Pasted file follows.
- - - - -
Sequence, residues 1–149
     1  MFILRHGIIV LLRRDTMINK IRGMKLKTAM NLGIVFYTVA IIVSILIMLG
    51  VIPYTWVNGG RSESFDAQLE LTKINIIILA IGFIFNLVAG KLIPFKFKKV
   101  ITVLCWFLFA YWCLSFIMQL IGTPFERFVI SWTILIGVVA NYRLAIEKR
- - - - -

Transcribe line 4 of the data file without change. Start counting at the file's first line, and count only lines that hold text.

   101  ITVLCWFLFA YWCLSFIMQL IGTPFERFVI SWTILIGVVA NYRLAIEKR